“The gray wolf is a keystone species that plays a critical role in maintaining healthy ecosystems across its historic range,” said Danielle Kessler, U.S. Country Director for the International Fund for Animal Welfare. “Wolf populations are far from recovered in much of their native territory. Removing federal protections now and placing wolves in the hands of state managers only threatens already fragile gains. No state has the breadth of vision to oversee recovery efforts for species that range beyond its boundaries. For the sake of our shared environment, as well as the health and survival of gray wolves themselves, federal protections remain essential for this iconic American species.”
“Howling For Wolves is adamant in our opposition to wolf trophy hunting and trapping. We have witnessed how wolf hunting and trapping harms the wolf population. Human wolf killing destroys the individual wolf, which is a magnificent and social animal, and these killings cause other secondary wolf deaths. Research shows that human wolf killing disrupts wolf packs, causing unstable and unpredictable effects including increased wolf-livestock conflicts,” said Howling For Wolves President and Founder Dr. Maureen Hackett.
Wildlife Gray wolf #DefendCarnivores, #EndTheWarOnWildlife, #EndangeredSpeciesAct, #StopExtinction
BOISE—As the U.S. Fish and Wildlife Service announced last week that the removal of wolves from Endangered Species Act protection nation-wide is “very imminent,” new data from Idaho show the ugly face of state wolf management there.
According to an analysis of records obtained by Western Watersheds Project, hunters, trappers, and state and federal agencies have killed 570 wolves in Idaho during a 12-month period from July 1, 2019 and June 30, 2020. Included in the mortality are at least 35 wolf pups, some weighing less than 16 pounds and likely only 4 to 6 weeks old. Some of the wolves shattered teeth trying to bite their way out of traps, others died of hyperthermia in traps set by the U.S.D.A. Wildlife Services, and more were gunned down in aerial control actions. The total mortality during this period represented nearly 60 percent of the 2019 year-end estimated Idaho wolf population.
“There is nothing scientific about the Idaho Department of Fish and Game’s management, which seems to be guided by anti-wolf hysteria among some members of the ranching and hunting communities, rather than any sort of conservation ethic,” said Talasi Brooks of Western Watersheds Project. “It is cruel, morally and ethically reprehensible, and policy is set through a process which denies conservation interests any voice.”
About 400 wolves have been killed each year in Idaho for the past several years, and the 570 wolves killed in 2019-2020 is record-breaking, perhaps reflecting Idaho Department of Fish and Game’s (IDFG) incentivization of wolf killing. This level of population disruption leads to population-level effects among wolves, including population decline, a younger, destabilized population, and ultimately more livestock conflicts.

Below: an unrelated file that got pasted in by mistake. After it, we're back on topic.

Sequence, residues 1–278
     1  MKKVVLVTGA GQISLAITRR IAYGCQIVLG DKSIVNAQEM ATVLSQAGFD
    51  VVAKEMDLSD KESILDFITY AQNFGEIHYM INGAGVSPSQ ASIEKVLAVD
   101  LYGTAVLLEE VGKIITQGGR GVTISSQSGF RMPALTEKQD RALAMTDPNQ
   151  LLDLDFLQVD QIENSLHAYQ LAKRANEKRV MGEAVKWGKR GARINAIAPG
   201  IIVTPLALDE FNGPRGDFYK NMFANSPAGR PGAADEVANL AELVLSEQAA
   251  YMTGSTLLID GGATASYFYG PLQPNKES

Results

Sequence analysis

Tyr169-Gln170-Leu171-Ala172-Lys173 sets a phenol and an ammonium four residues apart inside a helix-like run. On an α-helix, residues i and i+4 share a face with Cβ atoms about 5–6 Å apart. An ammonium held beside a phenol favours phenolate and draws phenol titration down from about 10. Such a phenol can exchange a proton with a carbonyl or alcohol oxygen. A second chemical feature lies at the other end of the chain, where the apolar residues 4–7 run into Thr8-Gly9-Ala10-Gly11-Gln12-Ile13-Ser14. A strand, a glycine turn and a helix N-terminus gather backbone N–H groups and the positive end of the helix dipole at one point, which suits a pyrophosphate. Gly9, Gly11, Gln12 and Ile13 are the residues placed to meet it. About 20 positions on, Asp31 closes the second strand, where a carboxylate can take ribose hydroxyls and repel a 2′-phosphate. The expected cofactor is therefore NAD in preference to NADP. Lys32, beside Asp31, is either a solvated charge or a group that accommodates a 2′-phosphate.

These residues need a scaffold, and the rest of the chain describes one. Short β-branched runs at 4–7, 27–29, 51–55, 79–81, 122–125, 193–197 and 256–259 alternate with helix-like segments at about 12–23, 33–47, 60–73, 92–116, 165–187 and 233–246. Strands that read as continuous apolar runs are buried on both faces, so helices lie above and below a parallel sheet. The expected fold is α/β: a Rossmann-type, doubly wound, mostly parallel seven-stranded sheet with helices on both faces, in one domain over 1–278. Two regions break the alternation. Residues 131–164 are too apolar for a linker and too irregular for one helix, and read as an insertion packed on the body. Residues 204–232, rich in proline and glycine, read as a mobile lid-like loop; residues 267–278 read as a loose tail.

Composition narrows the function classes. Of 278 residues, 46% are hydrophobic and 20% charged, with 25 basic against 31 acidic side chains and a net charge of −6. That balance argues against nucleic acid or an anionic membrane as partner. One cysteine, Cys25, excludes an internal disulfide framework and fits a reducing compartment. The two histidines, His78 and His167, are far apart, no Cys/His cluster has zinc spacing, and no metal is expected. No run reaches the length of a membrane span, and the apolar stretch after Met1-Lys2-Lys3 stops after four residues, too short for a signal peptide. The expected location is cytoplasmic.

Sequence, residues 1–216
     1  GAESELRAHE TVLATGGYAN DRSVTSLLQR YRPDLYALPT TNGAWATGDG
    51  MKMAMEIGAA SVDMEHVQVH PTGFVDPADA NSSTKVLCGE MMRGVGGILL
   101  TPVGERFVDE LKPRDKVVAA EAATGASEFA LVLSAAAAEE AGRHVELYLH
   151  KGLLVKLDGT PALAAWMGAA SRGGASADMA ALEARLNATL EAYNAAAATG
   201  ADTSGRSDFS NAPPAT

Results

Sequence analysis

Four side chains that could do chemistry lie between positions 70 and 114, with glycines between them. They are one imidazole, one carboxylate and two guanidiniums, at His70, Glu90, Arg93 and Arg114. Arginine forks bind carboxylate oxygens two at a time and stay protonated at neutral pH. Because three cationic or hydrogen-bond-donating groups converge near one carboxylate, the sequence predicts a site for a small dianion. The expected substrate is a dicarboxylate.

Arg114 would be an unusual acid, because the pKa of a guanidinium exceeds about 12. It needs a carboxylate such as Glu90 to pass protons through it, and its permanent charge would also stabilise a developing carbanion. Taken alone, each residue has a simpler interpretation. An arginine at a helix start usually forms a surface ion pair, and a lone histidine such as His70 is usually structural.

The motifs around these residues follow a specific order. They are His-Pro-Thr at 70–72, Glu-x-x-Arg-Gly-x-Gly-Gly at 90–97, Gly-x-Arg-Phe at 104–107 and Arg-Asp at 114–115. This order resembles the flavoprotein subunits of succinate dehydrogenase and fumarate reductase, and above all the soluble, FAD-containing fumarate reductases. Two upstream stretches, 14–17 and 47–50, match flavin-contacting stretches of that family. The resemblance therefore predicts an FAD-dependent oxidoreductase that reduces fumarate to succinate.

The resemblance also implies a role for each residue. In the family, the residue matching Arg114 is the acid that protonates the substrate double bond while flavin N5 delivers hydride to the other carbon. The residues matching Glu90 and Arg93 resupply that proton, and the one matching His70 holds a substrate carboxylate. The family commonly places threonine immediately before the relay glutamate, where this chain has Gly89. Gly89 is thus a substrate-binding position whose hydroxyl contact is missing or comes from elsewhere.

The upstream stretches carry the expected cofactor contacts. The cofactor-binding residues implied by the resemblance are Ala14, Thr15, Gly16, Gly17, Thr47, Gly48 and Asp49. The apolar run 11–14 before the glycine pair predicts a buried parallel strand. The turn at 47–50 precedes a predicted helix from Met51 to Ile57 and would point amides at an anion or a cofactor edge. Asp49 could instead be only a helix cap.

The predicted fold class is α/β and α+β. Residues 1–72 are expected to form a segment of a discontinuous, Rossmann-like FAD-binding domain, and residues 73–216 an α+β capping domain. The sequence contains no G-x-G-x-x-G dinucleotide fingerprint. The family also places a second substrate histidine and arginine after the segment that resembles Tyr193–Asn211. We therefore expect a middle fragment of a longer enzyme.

“It’s sickening to see how wolves have been slaughtered in Idaho once federal Endangered Species Act protections were lifted,” said Andrea Zaccardi, a senior attorney with the Center for Biological Diversity. “If wolves are delisted nationwide, this cruelty could extend to all wolves within our country’s borders. This treatment of our nation’s wildlife is unacceptable.”
“Idaho’s reckless, violent, massacre of wolves and their pups not only showcases the worst of state wildlife “management,” it shines a light on the darkest corners of humanity. To maim, bludgeon and actively seek to destroy a native animal, that is familial and social by nature, is disgusting,” said Samantha Bruegger, Wildlife Coexistence Campaigner with WildEarth Guardians. “Tragically, the Idaho narrative clearly shows, to the rest of the country, what can happen to wolves if they are delisted from the Endangered Species Act.”
“Idaho is not ‘managing’ wolvesbut is attempting to reduce the state wolf population to the brink of federal relisting while jeopardizing region-wide recovery of a native carnivore. This inhumane mass killing of wolves abuses federal recovery objectives and is one of many reasons why Endangered Species Act protection is so important for gray wolves nationwide,” said Zoe Hanley of Defenders of Wildlife.
IDFG recently announced it had awarded approximately $21,000 in “challenge grants” to the north Idaho-based Foundation 4 Wildlife Management, which reimburses wolf trappers a bounty up to $1,000 per wolf killed. The Foundation also has received funding for wolf bounties from the Rocky Mountain Elk Foundation. A single individual may now kill up to 30 wolves under IDFG hunting and trapping rules—a new increase from the 20 wolves previously allowed.
“It is beyond tragic that Idaho has become the poster child for animal cruelty through their pathological destruction of wolves,” said Brooks Fahy, executive director of Predator Defense. “I find it hard to believe that most Idahoans would approve of this indefensible carnage being carried out on behalf of zealots in the ranching and hunting community. Time and again we see that removing Endangered Species Act protection and allowing states to manage wolves generally leads to mass slaughter.”